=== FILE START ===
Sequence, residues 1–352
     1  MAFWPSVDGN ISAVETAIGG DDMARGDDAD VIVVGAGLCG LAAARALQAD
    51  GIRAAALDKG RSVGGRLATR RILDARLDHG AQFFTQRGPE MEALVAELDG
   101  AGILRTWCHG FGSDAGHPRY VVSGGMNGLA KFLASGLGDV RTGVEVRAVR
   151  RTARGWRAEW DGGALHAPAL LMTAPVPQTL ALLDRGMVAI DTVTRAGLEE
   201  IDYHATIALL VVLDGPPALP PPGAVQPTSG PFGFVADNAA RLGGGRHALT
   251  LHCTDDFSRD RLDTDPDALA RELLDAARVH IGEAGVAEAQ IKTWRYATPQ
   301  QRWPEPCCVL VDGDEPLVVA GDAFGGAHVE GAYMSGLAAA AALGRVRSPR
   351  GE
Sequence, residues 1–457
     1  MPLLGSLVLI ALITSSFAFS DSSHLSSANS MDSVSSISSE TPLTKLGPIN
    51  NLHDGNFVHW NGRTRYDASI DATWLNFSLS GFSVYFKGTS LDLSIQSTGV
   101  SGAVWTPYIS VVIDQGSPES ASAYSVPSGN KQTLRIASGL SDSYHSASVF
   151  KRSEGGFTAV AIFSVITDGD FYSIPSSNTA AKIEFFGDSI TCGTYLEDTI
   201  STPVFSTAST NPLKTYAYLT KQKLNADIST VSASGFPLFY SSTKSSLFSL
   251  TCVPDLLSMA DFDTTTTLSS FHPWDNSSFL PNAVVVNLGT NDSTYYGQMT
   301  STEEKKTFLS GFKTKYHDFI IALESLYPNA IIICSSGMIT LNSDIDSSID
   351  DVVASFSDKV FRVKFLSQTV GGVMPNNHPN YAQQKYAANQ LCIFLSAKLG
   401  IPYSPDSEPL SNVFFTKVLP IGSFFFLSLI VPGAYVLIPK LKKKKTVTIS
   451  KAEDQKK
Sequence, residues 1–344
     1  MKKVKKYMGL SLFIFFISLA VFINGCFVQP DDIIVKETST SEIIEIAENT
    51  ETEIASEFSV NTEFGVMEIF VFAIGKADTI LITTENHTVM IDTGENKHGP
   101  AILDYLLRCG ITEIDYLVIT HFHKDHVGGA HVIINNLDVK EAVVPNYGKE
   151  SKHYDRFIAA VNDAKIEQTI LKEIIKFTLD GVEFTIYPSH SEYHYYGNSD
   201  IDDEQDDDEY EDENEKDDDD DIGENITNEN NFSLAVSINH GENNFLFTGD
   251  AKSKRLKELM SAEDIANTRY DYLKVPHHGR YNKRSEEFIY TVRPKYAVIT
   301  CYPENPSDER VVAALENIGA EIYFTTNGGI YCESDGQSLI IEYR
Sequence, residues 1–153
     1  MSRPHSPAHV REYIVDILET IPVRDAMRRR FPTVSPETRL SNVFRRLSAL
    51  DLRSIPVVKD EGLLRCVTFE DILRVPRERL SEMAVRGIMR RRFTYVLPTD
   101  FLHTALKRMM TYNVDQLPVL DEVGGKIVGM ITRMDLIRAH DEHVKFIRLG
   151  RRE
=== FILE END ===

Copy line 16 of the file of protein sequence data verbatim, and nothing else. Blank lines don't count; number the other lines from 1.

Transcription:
   251  TCVPDLLSMA DFDTTTTLSS FHPWDNSSFL PNAVVVNLGT NDSTYYGQMT